Collaborate to prevent terrorism "NCCE to state, non-state actors"
The Chairperson of the National Commission for Civic Education (NCCE), Kathleen Addy, has called for stronger collaboration between state and non-state actors to address the triggers of violent extremism and terrorism in the country.
She said in the wake of growing terrorist attacks in the Sahel Region and neighbouring countries, it was important for all stakeholders to work closely to deal with in-country situations that could fuel terrorism.
Ms Addy stressed that illegal mining, political tensions, chieftaincy conflicts, perceived marginalisation, unemployment and religious sentiments, as well as tribalism, were tendencies that exposed the county to terrorist attack, for which reason all actors must work together to nip them in the bud.
"In particular, I want to appeal to the media to play an active role in educating and sensitising Ghanaians to the threats of terrorism and its impact on the country.
The media is a powerful tool that can be used in a positive way to help prevent violent extremism in this country and I call on journalists to be circumspect in how they report on this issue," she added.
Ms Addy was speaking at a capacity-building workshop on Preventing and Containing Violent Extremism (PCVE) organised by the NCCE for journalists in Tamale in the Northern Region on Wednesday (April 26).
The workshop drew participants from eight regions, including Northern, North-East, Savannah, Upper West, Upper East, Oti, Bono and Bono East.
The workshop was meant to equip journalists with relevant information on terrorism and its impact so that they would use their media platforms to educate and sensitise members to the public.
It was also meant to court the support of the media to help the NCCE implement the PCVE project that had been rolled out in the northern part of Ghana.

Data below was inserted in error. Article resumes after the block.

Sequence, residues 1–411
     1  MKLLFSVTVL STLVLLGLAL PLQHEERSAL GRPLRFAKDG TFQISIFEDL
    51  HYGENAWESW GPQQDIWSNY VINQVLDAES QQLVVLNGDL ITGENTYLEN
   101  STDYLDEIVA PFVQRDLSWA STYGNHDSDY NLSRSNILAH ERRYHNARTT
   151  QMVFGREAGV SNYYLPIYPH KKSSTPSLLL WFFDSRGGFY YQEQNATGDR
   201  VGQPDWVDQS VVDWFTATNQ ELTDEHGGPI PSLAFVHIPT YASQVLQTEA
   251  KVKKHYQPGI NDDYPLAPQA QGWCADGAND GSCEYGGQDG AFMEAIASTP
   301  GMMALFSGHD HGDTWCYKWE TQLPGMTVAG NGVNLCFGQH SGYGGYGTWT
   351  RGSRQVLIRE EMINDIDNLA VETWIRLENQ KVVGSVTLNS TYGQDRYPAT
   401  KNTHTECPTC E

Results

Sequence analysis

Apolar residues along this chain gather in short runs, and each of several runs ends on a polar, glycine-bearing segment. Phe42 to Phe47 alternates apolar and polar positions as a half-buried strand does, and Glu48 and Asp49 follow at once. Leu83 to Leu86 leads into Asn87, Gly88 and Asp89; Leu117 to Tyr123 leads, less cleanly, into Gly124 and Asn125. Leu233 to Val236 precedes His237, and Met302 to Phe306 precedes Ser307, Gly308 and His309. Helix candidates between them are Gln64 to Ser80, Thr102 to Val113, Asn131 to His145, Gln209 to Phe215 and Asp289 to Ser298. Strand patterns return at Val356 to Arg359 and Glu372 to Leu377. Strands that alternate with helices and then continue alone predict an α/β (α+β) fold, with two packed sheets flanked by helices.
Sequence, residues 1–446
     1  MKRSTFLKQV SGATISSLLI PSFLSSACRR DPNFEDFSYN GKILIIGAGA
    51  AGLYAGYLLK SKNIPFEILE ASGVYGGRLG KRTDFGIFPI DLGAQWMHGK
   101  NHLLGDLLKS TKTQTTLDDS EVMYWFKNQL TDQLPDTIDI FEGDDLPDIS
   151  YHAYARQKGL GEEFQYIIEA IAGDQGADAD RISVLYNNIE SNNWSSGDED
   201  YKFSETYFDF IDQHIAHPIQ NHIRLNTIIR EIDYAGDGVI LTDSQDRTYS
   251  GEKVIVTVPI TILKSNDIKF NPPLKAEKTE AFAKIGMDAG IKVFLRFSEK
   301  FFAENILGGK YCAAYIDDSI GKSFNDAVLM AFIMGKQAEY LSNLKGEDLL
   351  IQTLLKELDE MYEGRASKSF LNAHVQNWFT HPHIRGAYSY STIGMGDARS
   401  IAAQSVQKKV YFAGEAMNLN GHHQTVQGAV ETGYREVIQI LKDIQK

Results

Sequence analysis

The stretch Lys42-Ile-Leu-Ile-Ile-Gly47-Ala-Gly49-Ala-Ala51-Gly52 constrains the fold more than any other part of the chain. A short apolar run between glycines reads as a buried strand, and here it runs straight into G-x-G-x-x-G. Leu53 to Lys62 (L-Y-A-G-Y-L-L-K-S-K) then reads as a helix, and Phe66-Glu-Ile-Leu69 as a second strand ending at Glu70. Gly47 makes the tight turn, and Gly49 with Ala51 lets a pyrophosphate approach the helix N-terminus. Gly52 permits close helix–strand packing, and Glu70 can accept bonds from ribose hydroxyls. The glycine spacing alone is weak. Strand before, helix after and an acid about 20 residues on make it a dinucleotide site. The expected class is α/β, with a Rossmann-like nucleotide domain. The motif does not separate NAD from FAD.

The PCVE is an 18-month European Union (EU) funded project, which started on November 26, 2022, to prevent and contain violent extremism through the promotion of social cohesion, peace and tolerance in the five regions in northern Ghana and other hotspots in the country.
The project also seeks to strengthen state actors, security agencies, the media and other non-state actors at the national and community levels in the fight against violent extremism and to prevent individuals identified as being at risk from joining violent or criminal groups.
A Principal Analyst at the National Counter Terrorism and Fusion Centre of the Ministry of National Security, Dr Baba Sayuti, described the initiative by the NCCE to rally stakeholders to help prevent violent extremism in the country as a boost to the fight against terrorism.
Again, he observed that there was a link between organised crime and terrorism, same way illegal mining and terrorism financing also had a connection "because terrorists can do illegal mining to get more money to buy ammunition, recruit people, bribe officials and work their way through".
He stressed that the situation was even more dire, especially when many foreigners were engaged in illegal mining in Ghana.
"The National Security is not sleeping.
We are working every day to stem the tides and make sure we keep an eye on that area to prevent the penetration of terrorists," he said.
Dr Sayuti stressed that all stakeholders should turn their attention towards addressing the root causes of terrorist activities rather than waiting to respond after it had occurred.
He observed that since poverty and marginalisation were key triggers of terrorism, there must be deliberate policies by the government to create employment opportunities for people in the areas that were deprived.
"Heading to the political season, we need to tread cautiously because inflamed political passions can be a fertile ground for terrorists to penetrate," he said.
While commending the NCCE for collaborating with the media to disseminate information on preventing terrorism, he stressed that the media played a leading role in promoting peace in the country.
He urged the media to prevent politicians from using their platforms to inflame passions or fuel conflict.